Snoring and Short Sleep Linked to Poor Breast Cancer Survival

A new study shows that women who report snoring and getting too little sleep before their breast cancer diagnosis have much poorer survival rates than those who get enough sleep and don’t snore.

The researchers suggest that the connection could be that poor sleep drives inflammatory processes that can worsen cancer.

A Surprising Connection

The results come from a population of over 21,000 women who are participating in the Women’s Health Initiative (WHI), which began in 1991. The WHI is a longitudinal study of postmenopausal women. When they joined the study, women reported many basic pieces of information, including how long they slept on average per night and whether they snored. The women were then observed for more than a decade. Of the original population, over 120,000 women, the 21,000 women who participated in this study were diagnosed with cancer.

Researchers then compared the results of those cancer diagnoses against the sleep-related variables given in the study.

They found that no single sleep characteristic was linked with any particular cancer site. But they also found that the combination of short sleep (less than six hours per night) and regular snoring (five nights a week or more) was associated with poorer outcomes for those with breast cancer. How much poorer? They were twice as likely to die from breast cancer than those who slept 7 hours or more and who didn’t snore.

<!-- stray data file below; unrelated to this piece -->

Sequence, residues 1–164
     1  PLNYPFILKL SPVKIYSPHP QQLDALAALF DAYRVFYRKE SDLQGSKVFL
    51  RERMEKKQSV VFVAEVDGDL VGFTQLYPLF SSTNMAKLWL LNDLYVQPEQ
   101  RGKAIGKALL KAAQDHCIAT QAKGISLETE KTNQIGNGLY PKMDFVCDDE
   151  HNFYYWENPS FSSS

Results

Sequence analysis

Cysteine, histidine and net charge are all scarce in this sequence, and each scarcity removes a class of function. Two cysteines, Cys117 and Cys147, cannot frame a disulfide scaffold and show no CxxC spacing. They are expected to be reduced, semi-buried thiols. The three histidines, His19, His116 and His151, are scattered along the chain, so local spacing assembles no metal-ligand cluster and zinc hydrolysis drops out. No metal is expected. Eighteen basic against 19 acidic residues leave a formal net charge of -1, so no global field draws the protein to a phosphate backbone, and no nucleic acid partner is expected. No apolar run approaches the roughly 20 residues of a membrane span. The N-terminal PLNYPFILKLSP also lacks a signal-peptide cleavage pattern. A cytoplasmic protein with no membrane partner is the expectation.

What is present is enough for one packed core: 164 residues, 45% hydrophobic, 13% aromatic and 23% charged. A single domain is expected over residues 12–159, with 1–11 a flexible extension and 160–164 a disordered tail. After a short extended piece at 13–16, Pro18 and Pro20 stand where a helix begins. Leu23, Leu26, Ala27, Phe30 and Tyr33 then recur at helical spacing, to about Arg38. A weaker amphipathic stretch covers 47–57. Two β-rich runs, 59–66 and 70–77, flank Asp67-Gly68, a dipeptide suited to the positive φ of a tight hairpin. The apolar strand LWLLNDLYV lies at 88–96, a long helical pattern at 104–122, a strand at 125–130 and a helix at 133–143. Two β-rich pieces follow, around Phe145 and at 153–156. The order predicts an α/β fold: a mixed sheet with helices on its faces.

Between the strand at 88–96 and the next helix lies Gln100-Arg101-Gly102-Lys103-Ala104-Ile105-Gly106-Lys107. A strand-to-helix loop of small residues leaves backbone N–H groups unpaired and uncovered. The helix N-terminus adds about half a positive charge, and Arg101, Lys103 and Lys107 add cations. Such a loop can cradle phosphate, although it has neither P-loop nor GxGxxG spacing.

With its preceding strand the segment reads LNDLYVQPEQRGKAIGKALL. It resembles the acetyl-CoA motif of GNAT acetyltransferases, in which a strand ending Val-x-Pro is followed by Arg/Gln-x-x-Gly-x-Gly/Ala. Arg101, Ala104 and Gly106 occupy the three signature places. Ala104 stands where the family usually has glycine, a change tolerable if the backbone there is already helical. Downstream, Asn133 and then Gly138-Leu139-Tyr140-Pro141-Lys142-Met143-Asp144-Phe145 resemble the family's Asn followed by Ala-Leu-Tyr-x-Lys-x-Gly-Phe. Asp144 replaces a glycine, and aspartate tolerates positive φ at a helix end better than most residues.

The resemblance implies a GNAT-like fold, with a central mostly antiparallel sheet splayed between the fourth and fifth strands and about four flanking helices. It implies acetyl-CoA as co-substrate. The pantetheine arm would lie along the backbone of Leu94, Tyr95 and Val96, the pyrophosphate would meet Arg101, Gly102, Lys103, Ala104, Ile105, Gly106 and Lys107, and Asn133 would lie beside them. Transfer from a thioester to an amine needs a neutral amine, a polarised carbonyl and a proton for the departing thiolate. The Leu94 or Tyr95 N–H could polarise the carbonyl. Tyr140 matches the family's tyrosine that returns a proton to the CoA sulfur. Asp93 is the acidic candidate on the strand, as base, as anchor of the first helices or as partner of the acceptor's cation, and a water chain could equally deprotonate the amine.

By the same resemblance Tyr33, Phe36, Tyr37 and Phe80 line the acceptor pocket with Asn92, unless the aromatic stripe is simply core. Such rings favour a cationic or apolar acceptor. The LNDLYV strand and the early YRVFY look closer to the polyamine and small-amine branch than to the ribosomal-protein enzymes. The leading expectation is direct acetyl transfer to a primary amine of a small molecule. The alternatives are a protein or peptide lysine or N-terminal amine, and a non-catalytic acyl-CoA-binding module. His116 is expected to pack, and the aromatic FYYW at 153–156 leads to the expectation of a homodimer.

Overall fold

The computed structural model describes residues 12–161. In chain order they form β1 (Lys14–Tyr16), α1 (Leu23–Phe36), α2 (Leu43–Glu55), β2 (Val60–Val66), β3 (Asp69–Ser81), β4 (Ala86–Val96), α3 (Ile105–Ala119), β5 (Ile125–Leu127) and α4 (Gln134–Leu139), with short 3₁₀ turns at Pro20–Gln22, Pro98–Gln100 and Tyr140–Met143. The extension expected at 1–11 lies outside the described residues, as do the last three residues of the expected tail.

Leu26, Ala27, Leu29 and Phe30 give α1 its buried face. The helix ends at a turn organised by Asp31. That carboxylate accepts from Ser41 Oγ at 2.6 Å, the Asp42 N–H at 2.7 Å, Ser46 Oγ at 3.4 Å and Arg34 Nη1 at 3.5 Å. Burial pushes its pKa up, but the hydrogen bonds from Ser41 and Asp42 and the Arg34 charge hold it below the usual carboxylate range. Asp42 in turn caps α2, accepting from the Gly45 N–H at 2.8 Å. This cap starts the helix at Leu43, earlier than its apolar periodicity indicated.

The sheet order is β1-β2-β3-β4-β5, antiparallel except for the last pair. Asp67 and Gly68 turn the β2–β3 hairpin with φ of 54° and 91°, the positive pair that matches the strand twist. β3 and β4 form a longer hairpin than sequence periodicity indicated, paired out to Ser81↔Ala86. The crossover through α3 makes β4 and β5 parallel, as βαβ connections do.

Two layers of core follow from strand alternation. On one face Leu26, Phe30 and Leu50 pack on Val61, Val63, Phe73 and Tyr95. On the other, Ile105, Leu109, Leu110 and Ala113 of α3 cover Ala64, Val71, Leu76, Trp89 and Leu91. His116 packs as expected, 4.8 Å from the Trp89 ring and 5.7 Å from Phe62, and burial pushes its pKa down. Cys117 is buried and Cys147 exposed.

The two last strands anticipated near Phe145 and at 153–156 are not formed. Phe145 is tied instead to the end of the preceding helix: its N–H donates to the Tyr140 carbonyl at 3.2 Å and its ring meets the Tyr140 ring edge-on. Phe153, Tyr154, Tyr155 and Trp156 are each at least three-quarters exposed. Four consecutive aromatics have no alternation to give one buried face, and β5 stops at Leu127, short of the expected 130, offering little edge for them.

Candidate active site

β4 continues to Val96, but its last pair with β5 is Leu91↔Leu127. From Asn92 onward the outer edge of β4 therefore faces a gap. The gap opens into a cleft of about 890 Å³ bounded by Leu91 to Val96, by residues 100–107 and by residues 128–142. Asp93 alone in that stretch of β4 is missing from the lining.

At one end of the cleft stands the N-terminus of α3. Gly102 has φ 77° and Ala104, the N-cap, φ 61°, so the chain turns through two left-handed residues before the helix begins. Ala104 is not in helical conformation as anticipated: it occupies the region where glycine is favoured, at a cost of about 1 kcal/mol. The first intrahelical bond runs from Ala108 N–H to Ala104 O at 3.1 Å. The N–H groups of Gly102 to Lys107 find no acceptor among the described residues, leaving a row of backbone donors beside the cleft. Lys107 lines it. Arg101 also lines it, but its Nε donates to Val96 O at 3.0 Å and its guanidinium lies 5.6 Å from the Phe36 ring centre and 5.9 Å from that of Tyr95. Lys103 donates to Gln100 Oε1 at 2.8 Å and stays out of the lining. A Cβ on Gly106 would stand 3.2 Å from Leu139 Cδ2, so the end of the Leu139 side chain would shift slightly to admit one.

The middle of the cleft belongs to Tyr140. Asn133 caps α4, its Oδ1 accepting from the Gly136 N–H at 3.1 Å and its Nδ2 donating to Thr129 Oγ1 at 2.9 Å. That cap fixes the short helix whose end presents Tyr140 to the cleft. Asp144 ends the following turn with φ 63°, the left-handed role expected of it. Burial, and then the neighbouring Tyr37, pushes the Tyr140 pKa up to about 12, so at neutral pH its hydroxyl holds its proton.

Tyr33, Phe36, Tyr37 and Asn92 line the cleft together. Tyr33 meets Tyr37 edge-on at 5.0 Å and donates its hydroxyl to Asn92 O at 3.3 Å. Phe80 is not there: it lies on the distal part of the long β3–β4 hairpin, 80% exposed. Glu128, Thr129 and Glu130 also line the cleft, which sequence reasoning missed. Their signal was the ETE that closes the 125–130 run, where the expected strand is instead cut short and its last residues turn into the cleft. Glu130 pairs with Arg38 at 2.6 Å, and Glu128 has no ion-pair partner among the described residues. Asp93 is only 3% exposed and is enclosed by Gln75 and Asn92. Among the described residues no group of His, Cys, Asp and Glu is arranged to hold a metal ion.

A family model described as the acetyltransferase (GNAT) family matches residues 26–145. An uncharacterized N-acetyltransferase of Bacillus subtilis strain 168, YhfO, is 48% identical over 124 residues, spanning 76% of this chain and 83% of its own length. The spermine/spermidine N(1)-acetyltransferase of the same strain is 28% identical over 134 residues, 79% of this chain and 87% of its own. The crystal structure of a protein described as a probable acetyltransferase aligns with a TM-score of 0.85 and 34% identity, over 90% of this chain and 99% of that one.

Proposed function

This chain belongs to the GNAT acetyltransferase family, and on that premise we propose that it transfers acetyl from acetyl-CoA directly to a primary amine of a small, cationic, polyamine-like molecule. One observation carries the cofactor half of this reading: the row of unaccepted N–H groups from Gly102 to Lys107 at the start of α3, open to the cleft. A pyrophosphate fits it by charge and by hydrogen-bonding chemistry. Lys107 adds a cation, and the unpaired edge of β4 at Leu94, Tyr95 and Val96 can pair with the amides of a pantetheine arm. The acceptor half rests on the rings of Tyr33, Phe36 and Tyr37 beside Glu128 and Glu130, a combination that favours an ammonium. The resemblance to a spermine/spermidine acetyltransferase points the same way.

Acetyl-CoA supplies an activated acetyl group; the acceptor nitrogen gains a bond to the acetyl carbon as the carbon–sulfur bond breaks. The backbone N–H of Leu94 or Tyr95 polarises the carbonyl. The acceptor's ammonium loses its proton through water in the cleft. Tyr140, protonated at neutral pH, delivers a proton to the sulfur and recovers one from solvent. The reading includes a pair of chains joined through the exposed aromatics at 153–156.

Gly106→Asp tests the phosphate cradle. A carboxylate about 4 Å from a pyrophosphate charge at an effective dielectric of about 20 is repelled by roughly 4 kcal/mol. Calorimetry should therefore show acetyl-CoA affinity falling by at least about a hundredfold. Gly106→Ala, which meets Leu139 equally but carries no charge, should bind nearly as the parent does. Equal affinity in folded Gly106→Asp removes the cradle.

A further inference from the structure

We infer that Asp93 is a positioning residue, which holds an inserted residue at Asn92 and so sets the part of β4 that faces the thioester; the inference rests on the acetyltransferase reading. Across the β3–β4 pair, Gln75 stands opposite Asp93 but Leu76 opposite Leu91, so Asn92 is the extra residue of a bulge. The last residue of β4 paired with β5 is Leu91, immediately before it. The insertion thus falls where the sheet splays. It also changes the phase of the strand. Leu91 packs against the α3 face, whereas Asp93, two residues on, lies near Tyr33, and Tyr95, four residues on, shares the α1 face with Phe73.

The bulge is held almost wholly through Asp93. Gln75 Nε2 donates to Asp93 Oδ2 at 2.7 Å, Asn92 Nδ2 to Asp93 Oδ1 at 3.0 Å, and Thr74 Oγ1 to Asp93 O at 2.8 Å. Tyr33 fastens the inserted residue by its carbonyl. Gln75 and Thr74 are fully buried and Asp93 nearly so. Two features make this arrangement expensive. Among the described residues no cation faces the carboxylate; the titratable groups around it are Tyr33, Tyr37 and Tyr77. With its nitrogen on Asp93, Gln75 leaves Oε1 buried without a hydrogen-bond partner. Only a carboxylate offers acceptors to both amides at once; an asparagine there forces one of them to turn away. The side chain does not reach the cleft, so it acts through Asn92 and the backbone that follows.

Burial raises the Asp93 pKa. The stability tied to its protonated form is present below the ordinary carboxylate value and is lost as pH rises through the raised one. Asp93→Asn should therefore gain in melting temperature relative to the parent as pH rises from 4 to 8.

Could Inflammation Be the Link?

Although the study wasn’t set up to find a causal link between the conditions, a causal link seems likely. In finding reasonable explanations, researchers pointed to the established link between inflammation and cancer risk. Inflammatory hormones have been shown to trigger increased cancer risk.

Poor sleep disrupts our body’s ability to regulate inflammatory hormones. As a result, people who get poor sleep tend to suffer adversely from inflammatory health conditions, such as cancer.

This study was not set up to track sleep apnea, so it lacks information that would be interesting to know: just how many of those snoring women actually had sleep apnea. If we had that information, we could determine whether it’s snoring that causes the risk, or if sleep apnea actually plays the role of causation. After all, sleep apnea has been linked to cancer growth.

But what we do know is that we have to add breast cancer to the list of dangers of snoring. Fortunately, snoring can be treated. To learn more about snoring treatment in Omaha, please call (402) 493-4175 for an appointment with a sleep dentist at the Advanced Dental Sleep Treatment Center.